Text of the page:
'Term Deposits On The Rise': Kotak Securities Director MB Mahesh On Changing Trends In Bank Deposits

Consumers are leaning more towards and investing term deposits, however household savings continue to be weak.

29 July 2023 12:00 PM GMT

There is a shift in the savings patterns in India. Until recently, banks have been the primary savings channels for most of India.

In recent years, however, households have been investing their savings into mutual funds, equity and real estate, the last of which has seen a sharp jump. The share of mutual funds (MF) in households' financial savings stood at 6.3 per cent last year.

A report authored by researchers at the National Institute of Public Finance and Policy says that during the past five years, savings in physical assets ranged between 58-60 per cent of household savings. Last year, the share of savings in physical assets jumped to 65 per cent.

Now, let's look at another trend, term deposits.

Kotak Institutional Equities banking analysts looked say they are seeing a few unique trends: (1) deposit mobilisation by banks was skewed in the 1- 3 year window, unlike what we have seen in the past, as this bucket has the highest share in the overall deposits since we have been able to track this data.

Kotak analysts say they are surprised at the sharp change in consumer preference toward the 1-3 year bucket.

Govindraj Ethiraj, Founder, The Core ...

There is a shift in the savings patterns in India. Until recently, banks have been the primary savings channels for most of India.

In recent years, however, households have been investing their savings into mutual funds, equity and real estate, the last of which has seen a sharp jump. The share of mutual funds (MF) in households' financial savings stood at 6.3 per cent last year.

A report authored by researchers at the National Institute of Public Finance and Policy says that during the past five years, savings in physical assets ranged between 58-60 per cent of household savings. Last year, the share of savings in physical assets jumped to 65 per cent.

Now, let's look at another trend, term deposits.

Kotak Institutional Equities banking analysts looked say they are seeing a few unique trends: (1) deposit mobilisation by banks was skewed in the 1- 3 year window, unlike what we have seen in the past, as this bucket has the highest share in the overall deposits since we have been able to track this data.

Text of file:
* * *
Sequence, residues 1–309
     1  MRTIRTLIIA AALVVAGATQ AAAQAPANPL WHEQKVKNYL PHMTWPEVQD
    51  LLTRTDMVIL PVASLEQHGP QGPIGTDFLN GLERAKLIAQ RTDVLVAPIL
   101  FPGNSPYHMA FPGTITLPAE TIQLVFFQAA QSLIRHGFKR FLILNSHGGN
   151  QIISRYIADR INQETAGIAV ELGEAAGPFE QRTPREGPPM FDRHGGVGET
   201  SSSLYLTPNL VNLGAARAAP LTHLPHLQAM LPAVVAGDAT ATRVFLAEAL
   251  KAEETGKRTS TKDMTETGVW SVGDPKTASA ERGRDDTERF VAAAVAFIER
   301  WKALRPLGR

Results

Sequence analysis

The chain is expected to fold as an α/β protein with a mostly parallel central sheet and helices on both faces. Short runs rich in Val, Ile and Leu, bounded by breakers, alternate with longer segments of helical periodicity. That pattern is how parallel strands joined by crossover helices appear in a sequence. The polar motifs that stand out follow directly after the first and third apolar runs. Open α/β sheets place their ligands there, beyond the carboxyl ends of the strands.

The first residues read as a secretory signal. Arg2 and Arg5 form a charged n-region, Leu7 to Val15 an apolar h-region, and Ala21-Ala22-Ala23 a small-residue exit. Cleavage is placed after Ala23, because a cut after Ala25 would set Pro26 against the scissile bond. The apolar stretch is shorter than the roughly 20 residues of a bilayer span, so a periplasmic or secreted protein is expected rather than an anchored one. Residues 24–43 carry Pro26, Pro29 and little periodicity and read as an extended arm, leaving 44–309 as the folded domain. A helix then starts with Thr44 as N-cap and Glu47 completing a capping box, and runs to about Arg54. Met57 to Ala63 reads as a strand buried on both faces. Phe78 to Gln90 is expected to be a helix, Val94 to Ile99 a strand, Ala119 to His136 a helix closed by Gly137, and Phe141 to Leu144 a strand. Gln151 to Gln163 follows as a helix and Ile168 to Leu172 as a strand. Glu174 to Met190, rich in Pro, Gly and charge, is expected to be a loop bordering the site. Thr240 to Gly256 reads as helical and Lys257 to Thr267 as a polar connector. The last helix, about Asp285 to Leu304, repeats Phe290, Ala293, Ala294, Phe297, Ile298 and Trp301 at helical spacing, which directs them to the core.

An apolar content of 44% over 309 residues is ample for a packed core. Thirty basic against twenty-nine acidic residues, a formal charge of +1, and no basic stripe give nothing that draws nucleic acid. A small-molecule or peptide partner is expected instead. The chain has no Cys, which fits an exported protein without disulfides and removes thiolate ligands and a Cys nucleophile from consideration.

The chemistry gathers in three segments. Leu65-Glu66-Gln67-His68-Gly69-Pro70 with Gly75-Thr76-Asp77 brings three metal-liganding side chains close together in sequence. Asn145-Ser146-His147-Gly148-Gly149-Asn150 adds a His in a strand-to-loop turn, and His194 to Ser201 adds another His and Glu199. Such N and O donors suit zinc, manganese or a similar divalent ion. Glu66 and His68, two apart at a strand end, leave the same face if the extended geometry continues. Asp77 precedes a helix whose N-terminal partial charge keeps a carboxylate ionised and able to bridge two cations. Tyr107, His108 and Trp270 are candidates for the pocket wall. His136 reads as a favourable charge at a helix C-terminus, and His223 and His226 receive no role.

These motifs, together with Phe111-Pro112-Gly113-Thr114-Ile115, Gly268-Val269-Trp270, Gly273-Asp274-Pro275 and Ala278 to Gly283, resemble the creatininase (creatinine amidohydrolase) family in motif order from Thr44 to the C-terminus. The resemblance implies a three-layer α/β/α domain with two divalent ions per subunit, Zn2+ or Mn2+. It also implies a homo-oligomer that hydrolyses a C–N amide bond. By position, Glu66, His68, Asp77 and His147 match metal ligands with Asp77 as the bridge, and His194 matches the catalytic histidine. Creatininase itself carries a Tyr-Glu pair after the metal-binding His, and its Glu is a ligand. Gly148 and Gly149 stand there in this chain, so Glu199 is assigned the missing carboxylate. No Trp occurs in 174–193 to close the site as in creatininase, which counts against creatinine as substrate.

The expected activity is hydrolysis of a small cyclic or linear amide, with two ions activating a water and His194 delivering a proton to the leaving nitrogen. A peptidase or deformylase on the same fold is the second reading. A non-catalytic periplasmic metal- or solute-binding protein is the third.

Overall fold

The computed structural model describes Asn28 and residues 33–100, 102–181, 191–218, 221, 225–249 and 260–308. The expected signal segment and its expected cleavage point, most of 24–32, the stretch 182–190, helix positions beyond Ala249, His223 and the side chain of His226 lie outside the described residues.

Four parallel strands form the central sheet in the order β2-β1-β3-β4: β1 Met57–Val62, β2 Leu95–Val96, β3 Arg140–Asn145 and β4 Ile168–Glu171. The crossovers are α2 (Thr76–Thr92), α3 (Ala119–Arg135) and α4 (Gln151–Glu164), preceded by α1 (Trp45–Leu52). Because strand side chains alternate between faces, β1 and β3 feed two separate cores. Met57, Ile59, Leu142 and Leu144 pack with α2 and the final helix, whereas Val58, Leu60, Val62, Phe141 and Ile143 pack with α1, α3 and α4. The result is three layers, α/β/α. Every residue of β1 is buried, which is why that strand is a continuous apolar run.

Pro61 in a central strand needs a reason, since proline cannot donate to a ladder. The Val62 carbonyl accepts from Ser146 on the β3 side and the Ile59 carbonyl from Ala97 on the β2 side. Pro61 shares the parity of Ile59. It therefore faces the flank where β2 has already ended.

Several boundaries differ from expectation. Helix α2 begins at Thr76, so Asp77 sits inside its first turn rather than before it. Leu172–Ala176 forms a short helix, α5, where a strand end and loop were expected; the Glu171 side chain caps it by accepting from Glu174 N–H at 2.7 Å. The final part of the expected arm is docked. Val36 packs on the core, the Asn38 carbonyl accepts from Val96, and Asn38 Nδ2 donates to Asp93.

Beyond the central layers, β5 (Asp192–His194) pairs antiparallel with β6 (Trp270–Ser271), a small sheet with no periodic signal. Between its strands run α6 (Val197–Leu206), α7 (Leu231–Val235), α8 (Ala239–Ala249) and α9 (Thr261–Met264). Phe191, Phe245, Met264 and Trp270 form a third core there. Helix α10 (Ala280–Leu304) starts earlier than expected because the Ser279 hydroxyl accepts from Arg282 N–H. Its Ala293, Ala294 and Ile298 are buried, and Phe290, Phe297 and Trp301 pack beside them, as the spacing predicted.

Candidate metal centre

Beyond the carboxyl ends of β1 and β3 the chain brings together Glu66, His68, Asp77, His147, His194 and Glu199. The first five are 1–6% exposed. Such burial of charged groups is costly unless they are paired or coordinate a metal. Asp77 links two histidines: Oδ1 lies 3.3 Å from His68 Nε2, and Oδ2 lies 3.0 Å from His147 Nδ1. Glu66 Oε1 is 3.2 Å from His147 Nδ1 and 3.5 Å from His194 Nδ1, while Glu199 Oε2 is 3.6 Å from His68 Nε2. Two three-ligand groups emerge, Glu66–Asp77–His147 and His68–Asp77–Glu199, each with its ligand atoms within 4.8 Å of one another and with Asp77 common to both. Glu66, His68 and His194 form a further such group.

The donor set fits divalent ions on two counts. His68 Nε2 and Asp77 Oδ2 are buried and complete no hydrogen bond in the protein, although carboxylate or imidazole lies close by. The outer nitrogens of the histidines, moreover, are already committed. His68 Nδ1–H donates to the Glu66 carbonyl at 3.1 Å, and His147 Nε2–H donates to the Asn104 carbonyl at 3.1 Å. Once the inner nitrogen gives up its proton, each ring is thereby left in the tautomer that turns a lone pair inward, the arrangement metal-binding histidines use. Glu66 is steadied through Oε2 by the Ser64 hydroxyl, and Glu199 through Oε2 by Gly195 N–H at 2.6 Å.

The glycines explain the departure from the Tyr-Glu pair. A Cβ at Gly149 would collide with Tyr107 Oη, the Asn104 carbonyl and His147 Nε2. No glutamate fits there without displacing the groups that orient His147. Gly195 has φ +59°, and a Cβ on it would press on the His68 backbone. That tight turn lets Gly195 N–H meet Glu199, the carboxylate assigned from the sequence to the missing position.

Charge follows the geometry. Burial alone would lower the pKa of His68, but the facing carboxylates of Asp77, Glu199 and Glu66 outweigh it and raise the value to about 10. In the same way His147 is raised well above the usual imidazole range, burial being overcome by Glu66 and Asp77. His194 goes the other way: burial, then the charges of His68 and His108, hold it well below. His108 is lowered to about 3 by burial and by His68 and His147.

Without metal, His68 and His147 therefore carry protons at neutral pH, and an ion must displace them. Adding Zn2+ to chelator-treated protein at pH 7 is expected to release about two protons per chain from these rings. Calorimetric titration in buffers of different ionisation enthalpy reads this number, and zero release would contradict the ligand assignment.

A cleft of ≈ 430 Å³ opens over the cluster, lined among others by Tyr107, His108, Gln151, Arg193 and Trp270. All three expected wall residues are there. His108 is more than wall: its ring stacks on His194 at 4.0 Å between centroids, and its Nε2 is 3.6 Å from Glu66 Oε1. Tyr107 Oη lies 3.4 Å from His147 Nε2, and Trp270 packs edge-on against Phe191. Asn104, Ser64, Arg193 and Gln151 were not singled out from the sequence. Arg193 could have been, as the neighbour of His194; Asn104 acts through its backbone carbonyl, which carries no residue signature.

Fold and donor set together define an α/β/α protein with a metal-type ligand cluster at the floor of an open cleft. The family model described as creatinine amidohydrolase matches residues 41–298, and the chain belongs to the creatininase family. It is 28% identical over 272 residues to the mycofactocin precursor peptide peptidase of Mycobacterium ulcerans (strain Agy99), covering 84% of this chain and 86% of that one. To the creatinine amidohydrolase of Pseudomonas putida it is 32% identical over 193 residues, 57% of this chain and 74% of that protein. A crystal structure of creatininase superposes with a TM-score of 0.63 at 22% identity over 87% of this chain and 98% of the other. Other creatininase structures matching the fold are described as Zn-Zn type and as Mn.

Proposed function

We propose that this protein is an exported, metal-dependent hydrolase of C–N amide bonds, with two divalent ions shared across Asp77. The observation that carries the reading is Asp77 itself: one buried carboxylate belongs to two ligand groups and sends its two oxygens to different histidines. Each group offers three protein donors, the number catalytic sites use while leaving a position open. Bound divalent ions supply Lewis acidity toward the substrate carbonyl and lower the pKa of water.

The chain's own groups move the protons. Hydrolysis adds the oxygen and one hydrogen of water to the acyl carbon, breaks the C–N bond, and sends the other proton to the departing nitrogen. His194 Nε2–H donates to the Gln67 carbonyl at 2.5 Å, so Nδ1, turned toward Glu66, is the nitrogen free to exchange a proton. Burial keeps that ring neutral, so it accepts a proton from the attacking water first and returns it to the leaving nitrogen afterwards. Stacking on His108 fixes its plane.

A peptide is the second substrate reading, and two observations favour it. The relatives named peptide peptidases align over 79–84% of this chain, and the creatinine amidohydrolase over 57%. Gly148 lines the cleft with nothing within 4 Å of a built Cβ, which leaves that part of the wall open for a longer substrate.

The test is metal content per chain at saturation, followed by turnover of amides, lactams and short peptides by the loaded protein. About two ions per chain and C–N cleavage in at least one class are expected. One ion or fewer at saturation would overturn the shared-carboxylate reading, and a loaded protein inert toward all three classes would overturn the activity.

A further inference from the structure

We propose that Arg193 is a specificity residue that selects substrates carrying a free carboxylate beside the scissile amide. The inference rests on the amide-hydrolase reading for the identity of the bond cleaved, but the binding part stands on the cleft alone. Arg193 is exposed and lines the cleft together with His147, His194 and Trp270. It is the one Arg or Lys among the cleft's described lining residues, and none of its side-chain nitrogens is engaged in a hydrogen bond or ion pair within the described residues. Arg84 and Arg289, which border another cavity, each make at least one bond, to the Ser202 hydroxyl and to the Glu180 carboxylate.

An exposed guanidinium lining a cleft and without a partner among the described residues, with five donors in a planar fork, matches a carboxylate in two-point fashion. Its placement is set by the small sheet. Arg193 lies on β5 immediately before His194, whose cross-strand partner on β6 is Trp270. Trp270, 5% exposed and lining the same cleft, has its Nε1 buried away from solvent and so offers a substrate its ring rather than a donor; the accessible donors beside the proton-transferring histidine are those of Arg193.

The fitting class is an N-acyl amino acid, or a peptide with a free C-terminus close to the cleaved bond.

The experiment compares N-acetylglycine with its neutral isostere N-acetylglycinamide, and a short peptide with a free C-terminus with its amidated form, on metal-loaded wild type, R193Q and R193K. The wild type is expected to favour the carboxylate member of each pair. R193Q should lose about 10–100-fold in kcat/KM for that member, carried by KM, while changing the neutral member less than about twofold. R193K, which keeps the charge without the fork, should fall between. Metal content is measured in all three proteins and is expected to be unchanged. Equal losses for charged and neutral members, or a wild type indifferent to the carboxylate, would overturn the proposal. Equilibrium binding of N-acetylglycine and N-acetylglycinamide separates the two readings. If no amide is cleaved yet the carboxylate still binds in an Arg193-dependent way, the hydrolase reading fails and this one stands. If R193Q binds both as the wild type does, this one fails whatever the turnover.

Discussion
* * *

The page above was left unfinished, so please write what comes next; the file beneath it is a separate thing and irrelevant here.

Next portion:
Kotak analysts say they are surprised at the sharp change in consumer preference toward the 1-3 year bucket.

Govindraj Ethiraj, Founder, The Core sought to gain some  broader insights into the deposits landscape in India, what is changing and what is not and what we could take away at this point. He caught up with MB Mahesh, Director at Kotak Securities and began by asking him to define the deposits landscape.

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Can you give us a sense of the banking deposit landscape in India at this point?

Broadly, if you look at the Indian banking system, it is a 180-odd lakh crore deposit market. We have been growing at about 15% for the last 50-60 years, if one looks at the long-term trends around the deposit book.¬† This market can be broken into three buckets‚Äďcurrent accounts, savings accounts, and term deposits. Current account is the corporate scheme used mostly by the SME borrowers for their daily activities; savings is what most consumers keep in the bank account, and term deposits are long-term. The market broadly split has approximately over 45% in the CASA (current account and savings account) book and about 55% in the term deposit books

It is important for banks to source CASA as these deposits are low cost in nature and hence provide the maximum profits. However, from a consumer standpoint, CASA tends to be a lower interest rate product and hence is used mostly for transactional and not long-term purposes.

In a nutshell, we are an approximately 180 lakh crores market, growing at 15% with 45% in CASA-more savings, less current-and the balance is on the term deposit side. If you look at the structure of those deposits, it has moved in line with the growth between public sector and private sector banks.

What has changed either significantly or otherwise in the last decade or so?

Interestingly, we see a higher preference for current account and savings accounts when compared with the last decade. While it is hard to establish a clear trend on aspects that could define the savings behaviour of individuals, declining interest rates in the last decade could be one of the aspects that contributed to this. The difference between the offerings of a savings account and a term deposit was likely minimal, leading to a higher preference for owning a savings account and keeping one's deposit in it.

Another aspect could be the fact that many of these consumers have recently come into banking behaviour and hence the preference to rely more on the savings account than the current account.

The reason why I make the second statement is that when one looks at the deposit book outside of the metro markets, CASA share tends to be extremely high-almost as high as 50-60% of deposits. This reveals that the sensitivity of the savers to keep their deposits in term deposits is not high at all. 

On the other hand, if one considers the metro market, where the banking behaviour is a little more evolved, the tendency to save in term deposit starts kicking in once the interest rate differential is meaningful enough. However, these are assumptions or at best guess work and we would need more data to confirm this trend. 

What has changed particularly in the last year or two?

We have observed that, post Covid 19, consumers are starting to save a little bit more. So we saw a spurt in deposit creation around 2020-2021.